Hikikomori is a Japanese term that describes people who stay holed up in their homes, or even just their bedrooms, isolated from everyone except their family, for many months or years. The condition was first described in Japan, but cases have since been reported in countries as far apart as Oman, Indian, the US and Brazil.

Now, where I come from these (unfortunate?) people are called shut-ins or a “recluse; a person who abnormally avoids any social contact by staying indoors most of the time” as in “an example of a shut in is an elderly lady who hasn’t left her house for a month because she is afraid to see people.”

In 1998, Carnegie Mellon researchers warned that the internet could make us into hermits. They released a study monitoring the social behavior of 169 people making their first forays online. The web-surfers started talking less with family and friends, and grew more isolated and depressed.

Is calling these people hikikomori instead of shut-ins just pop-culture-induced orientalism or is there really a difference between the two conditions?

I am reminded of an refreshing article by Amy Olberding, a presidential professor of philosophy at the University of Oklahoma, with the title: “Tidying up is not joyful but another misuse of Eastern ideas.” She describes the susceptibility of Americans to plain good sense if it can but be infused with a quasi-mystical ‘oriental’ aura. She cites Kondo mania, from the “Tidying Up with Marie Kondo” show on Netflix, as a typical example of this affliction. Folding clothes as an organisational strategy is boring. But folding clothes as a mystically infused plan of life is alluring.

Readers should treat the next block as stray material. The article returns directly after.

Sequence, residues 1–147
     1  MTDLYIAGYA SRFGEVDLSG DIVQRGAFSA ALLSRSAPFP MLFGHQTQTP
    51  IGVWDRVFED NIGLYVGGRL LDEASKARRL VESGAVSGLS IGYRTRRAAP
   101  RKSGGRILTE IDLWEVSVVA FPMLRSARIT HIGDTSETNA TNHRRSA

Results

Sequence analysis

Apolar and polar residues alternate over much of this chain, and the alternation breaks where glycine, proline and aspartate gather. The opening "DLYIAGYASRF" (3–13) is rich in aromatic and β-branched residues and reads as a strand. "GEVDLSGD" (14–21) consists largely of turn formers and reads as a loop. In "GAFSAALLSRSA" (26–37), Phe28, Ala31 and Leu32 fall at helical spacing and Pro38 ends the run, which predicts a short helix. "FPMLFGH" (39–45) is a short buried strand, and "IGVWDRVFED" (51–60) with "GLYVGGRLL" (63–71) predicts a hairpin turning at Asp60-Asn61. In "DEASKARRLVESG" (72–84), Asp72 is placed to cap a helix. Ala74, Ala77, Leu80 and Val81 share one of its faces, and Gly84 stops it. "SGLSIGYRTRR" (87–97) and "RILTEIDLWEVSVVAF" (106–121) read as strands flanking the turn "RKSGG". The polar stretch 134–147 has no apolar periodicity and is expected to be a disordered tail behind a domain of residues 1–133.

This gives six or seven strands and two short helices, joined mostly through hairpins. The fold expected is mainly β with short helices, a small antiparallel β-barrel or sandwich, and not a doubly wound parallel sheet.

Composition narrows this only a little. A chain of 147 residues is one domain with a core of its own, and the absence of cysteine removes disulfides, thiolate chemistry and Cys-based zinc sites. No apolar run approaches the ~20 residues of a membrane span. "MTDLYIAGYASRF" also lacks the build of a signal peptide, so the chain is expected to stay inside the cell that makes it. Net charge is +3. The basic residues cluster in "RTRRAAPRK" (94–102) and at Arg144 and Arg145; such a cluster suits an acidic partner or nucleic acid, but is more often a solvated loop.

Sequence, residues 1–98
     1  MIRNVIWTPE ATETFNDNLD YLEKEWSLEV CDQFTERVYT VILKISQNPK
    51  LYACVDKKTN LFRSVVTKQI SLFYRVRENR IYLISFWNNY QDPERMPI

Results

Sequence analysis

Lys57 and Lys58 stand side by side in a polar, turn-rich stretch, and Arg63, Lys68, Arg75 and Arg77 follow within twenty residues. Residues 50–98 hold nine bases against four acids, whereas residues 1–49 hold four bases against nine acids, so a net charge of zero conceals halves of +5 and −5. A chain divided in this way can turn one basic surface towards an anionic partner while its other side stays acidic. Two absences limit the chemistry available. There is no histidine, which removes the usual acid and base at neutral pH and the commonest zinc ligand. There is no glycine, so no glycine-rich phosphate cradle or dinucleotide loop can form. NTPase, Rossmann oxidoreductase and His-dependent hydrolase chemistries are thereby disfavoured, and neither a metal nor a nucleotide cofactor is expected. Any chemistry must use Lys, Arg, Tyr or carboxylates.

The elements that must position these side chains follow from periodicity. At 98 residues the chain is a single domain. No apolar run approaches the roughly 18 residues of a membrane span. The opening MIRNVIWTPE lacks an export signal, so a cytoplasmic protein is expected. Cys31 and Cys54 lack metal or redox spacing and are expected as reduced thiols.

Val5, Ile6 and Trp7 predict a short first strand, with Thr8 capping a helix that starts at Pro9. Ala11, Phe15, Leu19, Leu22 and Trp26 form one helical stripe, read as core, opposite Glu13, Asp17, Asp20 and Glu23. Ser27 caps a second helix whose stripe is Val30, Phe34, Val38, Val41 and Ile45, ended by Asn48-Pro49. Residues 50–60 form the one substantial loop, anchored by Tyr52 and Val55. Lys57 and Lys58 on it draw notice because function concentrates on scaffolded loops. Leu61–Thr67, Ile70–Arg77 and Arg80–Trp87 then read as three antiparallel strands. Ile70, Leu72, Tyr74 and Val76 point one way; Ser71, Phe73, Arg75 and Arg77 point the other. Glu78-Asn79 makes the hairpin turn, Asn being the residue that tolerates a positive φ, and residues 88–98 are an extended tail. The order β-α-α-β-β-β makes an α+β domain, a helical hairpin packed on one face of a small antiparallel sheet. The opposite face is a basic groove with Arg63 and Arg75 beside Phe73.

The professor goes on to explain how the words of Confucius and Sun Tzu have been leveraged into self-help advice on all kinds of subjects, from coaching your kid’s football team to improving your marriage. Wisdom from the ‘East’ has long been marketed to Westerners hoping to escape their existential maladies by seeking what is exotic, what promises to be more meaningful than what they have or can find locally.